GRAND RAPIDS, Mich. -- You may have noticed them as you scroll through your Facebook or Twitter feeds: women using the hashtag #NoMoore in a post with a photo of themselves when they were 14 years old. That's the same age of one of the alleged sexual abuse victims of Alabama Senate candidate Roy Moore.
Moore is one of the latest in a wave of famous men accused of sexual harassment and assault. Victim advocates in West Michigan are encouraging people in our communities to do something brave to put an end to this behavior.
"I think it is a watershed moment potentially, and there is a chance for the community to come together and really have an honest dialogue about behaviors and attitudes and the environment we've created that allows for such violence and harassment and sexual aggression to happen," said Charisse Mitchell, CEO of YWCA West Central Michigan.
The Women's Resource Center, YWCA and Grand Rapids Community Foundation say they're encouraging the momentum brought by the 'Me Too' movement.
"I have the utmost admiration for all of those who've come forward, victims who have told their stories" Mitchell said. "And I hope people are inspired to pay attention and listen, not just to the very public voices but the very private ones who have probably been calling for help and asking for assistance for a long time."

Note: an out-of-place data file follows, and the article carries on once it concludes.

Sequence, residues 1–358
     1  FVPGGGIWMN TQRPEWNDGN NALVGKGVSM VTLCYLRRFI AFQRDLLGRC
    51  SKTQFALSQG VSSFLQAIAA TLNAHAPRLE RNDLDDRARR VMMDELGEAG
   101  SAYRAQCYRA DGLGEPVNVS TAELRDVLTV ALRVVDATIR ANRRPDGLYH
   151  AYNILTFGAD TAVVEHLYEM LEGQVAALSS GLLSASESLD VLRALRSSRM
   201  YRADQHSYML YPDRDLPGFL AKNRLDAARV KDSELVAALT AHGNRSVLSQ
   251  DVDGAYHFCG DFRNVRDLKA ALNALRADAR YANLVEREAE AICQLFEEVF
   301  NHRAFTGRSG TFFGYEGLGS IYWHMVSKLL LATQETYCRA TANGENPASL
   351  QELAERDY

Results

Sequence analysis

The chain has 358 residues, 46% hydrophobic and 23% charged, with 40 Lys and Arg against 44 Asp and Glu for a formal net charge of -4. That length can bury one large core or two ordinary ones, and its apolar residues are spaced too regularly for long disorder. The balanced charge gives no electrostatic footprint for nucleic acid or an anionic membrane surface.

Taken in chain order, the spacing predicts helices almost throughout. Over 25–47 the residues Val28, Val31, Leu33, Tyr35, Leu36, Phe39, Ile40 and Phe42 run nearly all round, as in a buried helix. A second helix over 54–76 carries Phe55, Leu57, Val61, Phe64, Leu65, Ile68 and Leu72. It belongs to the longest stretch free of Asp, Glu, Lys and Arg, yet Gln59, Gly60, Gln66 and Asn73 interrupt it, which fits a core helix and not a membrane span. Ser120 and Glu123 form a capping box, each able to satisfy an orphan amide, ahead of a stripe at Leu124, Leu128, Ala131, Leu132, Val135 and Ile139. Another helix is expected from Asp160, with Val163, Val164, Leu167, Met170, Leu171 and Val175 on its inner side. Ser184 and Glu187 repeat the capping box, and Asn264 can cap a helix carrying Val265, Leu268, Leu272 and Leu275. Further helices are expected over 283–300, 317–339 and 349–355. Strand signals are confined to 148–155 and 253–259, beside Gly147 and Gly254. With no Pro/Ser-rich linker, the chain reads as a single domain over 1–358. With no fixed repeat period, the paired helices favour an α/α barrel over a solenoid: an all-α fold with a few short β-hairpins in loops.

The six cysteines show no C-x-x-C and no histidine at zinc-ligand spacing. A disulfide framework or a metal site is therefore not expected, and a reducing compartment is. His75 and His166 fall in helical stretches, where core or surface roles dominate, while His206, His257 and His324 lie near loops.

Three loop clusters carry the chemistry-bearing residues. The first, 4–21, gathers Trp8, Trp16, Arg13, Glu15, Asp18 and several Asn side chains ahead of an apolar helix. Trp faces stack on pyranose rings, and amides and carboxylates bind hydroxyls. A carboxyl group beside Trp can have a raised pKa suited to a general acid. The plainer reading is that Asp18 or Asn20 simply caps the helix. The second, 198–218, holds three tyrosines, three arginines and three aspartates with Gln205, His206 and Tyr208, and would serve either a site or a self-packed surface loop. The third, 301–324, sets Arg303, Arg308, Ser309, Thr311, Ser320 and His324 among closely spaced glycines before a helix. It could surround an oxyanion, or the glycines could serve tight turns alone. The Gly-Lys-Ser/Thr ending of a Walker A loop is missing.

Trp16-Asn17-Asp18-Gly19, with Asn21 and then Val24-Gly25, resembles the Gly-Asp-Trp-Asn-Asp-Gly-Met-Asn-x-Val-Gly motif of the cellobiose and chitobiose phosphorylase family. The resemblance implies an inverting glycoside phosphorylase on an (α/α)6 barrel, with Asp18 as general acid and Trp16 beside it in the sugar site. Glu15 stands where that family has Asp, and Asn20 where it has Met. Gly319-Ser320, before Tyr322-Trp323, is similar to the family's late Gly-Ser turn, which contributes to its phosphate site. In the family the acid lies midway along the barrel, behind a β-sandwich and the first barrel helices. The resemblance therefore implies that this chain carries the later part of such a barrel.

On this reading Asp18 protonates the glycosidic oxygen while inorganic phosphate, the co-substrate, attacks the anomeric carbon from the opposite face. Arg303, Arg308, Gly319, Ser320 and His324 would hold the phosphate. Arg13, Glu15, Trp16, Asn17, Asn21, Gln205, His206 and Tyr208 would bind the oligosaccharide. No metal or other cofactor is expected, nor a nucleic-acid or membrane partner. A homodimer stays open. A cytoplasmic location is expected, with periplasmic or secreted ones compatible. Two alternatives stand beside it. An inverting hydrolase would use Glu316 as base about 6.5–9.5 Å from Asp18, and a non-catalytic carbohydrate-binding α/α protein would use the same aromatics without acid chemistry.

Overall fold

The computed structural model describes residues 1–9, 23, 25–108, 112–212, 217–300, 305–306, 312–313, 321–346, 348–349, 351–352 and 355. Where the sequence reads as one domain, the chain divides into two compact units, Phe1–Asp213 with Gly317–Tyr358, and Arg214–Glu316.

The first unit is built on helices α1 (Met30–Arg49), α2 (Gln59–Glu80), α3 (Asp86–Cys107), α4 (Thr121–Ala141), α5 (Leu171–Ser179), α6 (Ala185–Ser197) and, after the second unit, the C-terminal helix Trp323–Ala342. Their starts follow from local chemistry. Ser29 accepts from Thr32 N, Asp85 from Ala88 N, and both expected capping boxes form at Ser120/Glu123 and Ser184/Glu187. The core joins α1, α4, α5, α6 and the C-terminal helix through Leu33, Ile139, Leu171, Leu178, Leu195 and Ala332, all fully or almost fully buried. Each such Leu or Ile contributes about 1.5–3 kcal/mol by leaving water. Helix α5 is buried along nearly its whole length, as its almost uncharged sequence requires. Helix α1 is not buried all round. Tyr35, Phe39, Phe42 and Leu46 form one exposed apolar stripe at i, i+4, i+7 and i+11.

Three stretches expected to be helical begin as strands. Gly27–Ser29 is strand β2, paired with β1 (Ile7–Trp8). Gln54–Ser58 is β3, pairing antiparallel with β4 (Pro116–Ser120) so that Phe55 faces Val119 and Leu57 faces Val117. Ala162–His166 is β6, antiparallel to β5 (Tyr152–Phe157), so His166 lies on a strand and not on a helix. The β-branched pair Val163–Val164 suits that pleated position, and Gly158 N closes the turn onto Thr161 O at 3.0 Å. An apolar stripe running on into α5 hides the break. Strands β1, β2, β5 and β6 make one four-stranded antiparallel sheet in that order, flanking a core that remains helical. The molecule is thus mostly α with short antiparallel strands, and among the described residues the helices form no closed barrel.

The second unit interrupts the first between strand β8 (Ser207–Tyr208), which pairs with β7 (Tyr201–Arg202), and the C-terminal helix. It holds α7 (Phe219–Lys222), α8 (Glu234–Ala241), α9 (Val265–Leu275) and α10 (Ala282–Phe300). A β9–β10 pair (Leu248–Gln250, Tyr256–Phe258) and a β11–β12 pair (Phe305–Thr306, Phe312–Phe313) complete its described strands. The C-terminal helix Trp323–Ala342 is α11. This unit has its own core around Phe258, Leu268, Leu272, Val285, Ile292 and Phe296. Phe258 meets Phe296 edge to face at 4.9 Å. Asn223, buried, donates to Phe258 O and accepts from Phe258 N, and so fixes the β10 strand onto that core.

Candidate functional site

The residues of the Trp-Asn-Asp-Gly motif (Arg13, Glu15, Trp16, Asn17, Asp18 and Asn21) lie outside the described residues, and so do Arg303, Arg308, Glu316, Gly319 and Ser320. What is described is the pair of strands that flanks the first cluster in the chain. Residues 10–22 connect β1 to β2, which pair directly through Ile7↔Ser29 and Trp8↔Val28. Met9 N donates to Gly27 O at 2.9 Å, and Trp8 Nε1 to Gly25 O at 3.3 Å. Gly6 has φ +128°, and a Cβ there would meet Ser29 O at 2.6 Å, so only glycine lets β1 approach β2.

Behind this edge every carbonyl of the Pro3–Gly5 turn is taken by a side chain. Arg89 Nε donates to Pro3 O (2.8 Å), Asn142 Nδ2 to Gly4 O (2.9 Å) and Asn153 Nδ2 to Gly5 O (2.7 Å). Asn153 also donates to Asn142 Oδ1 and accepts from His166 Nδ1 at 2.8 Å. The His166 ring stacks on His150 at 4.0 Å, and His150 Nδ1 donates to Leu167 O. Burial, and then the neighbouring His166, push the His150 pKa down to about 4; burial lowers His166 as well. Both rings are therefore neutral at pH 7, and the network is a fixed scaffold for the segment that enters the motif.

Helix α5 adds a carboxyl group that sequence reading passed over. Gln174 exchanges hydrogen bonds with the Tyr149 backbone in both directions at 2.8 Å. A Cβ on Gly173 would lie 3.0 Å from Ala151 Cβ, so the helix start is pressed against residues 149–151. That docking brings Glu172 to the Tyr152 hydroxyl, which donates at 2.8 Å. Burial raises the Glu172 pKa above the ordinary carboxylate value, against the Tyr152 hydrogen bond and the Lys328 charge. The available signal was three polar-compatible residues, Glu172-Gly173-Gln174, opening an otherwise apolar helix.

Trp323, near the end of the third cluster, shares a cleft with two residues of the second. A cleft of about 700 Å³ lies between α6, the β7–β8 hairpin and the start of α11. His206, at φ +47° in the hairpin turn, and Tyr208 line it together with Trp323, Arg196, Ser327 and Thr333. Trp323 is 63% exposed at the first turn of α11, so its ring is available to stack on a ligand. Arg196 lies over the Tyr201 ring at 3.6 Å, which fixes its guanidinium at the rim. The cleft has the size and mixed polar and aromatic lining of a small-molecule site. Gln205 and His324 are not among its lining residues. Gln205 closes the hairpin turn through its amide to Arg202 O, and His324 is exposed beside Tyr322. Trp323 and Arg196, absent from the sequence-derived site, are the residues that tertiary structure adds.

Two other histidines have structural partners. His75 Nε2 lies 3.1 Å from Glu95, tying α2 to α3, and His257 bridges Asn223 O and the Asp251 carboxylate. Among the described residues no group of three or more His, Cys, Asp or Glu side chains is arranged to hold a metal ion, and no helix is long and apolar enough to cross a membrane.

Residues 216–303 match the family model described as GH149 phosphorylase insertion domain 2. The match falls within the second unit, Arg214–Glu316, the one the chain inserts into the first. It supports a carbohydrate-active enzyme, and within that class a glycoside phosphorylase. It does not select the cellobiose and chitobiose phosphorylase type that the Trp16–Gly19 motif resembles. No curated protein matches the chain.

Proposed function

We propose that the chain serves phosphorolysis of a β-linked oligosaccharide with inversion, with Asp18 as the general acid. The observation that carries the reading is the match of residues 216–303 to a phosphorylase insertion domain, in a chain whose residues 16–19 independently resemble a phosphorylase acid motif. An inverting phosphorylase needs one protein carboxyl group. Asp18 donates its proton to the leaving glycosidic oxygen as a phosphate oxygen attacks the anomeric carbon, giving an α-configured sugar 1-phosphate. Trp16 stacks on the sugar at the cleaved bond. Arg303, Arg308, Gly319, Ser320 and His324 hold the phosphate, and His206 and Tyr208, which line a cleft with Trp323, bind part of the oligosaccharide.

In an open letter, they call for men especially to practice courage, leadership and action when they recognize abusive behavior.
"We have a 'Men Choosing Alternatives to Violence,' which is an intervention group for those men who choose to change their behavior and want to be different and have different kinds of relationship with people. We have that support," Mitchell said.
Above all, they want justice to be delivered to survivors.
"If you just want to talk with somebody, for someone to understand what you're going through, know that we're here," Mitchell said. "Know that there are resources in the community that can support you, that you're not alone. We want to be that place where if you feel like you need support, you can come here, you can call here, you don't have to prove anything to us."
Leaders like Mitchell encourage anyone who witnesses abusive behavior to do something about it.
"That kind of behavior minimizes not just victims, but perpetrators as well," Mitchell said. "Men are better than that, we know that. There are plenty of good people who don't treat each other that way."